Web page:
What is Waste-to-Energy
Here are some answers to the most frequent questions about Waste-to-Energy
Waste-to-Energy plants burn household and similar waste that could not be prevented or recycled.
From this waste the plants generate energy. This can be in the form of steam, electricity or hot water. The electricity is fed into the grid and distributed to the end-users; the hot water, depending on local infrastructure can be sent to a nearby district heating (or cooling) network to heat (or cool) homes, hospitals, offices etc., and the steam can be used by the nearby industry in their production processes.
Waste-to-Energy is a hygienic method of treating waste, reducing its volume by about 90%.
Modern European Waste-to-Energy plants are clean and safe, meeting the most strict emission limit values placed on any industry set out in the EU Industrial Emissions Directive.
Waste-to-Energy fulfills two main important roles:
Additionally, the energy produced in Waste-to-Energy plants also contributes to climate protection and security of energy supply, by replacing fossil fuels that would have been used to produce this energy in conventional power plants.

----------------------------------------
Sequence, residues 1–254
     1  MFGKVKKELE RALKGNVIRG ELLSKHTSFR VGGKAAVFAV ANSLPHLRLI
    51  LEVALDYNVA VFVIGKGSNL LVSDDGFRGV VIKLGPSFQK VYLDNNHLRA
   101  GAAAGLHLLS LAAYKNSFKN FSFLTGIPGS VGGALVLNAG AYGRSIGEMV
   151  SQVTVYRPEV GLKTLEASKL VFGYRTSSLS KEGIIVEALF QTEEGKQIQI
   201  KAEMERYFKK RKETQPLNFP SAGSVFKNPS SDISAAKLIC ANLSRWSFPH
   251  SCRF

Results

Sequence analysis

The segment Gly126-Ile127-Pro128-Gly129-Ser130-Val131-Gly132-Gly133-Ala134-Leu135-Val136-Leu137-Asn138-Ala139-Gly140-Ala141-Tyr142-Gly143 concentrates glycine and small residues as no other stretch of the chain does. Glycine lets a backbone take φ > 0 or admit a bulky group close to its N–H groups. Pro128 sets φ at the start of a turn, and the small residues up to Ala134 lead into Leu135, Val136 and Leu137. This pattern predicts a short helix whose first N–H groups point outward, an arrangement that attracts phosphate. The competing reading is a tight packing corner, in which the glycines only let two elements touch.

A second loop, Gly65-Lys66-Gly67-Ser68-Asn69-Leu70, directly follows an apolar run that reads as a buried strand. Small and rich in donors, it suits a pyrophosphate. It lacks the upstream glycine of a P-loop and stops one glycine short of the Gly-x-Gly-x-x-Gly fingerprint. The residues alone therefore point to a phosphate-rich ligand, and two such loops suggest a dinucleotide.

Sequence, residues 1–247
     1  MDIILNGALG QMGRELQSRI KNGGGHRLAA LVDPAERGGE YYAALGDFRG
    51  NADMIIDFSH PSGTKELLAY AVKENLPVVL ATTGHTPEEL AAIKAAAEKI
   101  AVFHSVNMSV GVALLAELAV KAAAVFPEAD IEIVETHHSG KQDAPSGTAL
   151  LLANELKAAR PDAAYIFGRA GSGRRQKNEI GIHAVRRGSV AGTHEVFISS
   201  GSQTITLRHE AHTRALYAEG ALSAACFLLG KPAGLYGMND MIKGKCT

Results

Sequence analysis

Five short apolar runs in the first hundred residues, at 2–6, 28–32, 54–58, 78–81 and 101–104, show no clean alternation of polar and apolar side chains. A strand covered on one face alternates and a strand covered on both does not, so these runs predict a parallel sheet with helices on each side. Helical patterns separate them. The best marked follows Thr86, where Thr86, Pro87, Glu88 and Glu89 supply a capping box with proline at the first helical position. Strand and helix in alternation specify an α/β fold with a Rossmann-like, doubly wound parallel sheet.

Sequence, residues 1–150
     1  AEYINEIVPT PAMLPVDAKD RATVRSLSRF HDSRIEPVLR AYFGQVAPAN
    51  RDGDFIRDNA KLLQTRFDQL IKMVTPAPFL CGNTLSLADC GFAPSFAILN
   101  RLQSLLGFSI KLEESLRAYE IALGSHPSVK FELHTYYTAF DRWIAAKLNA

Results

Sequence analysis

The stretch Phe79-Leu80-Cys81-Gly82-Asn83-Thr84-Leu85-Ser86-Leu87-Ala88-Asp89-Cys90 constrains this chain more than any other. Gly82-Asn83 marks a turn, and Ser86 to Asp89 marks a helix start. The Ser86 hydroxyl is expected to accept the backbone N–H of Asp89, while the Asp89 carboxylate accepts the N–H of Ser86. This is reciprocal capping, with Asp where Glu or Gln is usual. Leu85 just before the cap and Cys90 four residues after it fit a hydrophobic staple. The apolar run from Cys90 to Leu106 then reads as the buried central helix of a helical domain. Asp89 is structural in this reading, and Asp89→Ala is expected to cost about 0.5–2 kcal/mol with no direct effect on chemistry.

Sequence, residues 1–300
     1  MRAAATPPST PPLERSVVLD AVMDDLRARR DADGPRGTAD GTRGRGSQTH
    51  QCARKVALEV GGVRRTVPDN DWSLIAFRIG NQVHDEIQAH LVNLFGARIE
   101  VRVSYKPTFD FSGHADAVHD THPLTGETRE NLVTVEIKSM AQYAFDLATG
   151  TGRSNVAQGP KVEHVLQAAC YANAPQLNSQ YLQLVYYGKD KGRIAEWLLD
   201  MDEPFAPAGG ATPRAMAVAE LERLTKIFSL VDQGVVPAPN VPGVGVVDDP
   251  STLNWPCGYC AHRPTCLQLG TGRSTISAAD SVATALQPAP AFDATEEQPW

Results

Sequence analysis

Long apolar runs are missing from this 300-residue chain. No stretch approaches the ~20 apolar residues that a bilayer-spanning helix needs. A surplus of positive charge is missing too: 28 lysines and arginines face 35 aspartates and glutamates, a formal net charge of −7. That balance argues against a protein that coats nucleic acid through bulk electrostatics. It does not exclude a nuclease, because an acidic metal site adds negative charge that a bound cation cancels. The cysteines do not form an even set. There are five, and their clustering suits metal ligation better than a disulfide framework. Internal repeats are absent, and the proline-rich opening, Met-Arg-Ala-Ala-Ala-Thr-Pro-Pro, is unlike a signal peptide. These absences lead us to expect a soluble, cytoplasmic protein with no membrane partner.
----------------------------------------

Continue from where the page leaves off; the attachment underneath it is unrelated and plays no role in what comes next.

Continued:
Advanced waste management systems combine prevention, recycling and Waste-to-Energy. The EU waste hierarchy, as set out in the Waste Framework Directive, puts prevention, reuse and recycling first, followed by recovery and disposal. Efficient Waste-to-Energy plants belong to the recovery category: they turn non-reusable, non-recyclable waste into energy, thereby reducing the need for landfilling which is the least desirable option due to high environmental impacts (potential groundwater pollution, methane emissions, and aftercare periods of hundreds of years).
Waste-to-Energy does not compete with recycling – it goes hand in hand with and supports high quality recycling. Most countries with very high recycling rates – such as Austria, Belgium, Germany and the Netherlands – also have high rates of Waste-to-Energy as a sink for pollutants and thereby have reduced landfill to almost zero.
The combustion process cleans and separates metals from mixed waste, which otherwise could not be recycled. This makes further recycling possible: remaining metals are extracted from the bottom ash and reused for new products such as aluminium castings for the automotive industry. The remaining mineral part of bottom ash can be used as secondary raw material, replacing gravel and sand in construction.
There are many everyday waste items made of mixed or dirty materials which will be very difficult to recycle, e.g. sponges, gift and candy wrappings, toothbrushes, old shoes, vacuum cleaner bags, greasy food packaging, etc. There are also certain other wastes that should not be recycled for hygienic reasons, for example some sanitary products. In addition, there are recycling residues and materials that will still be degraded due to repeated recycling or ageing. Others will be polluted with substances of high concern, for example heavy metals or flame retardants.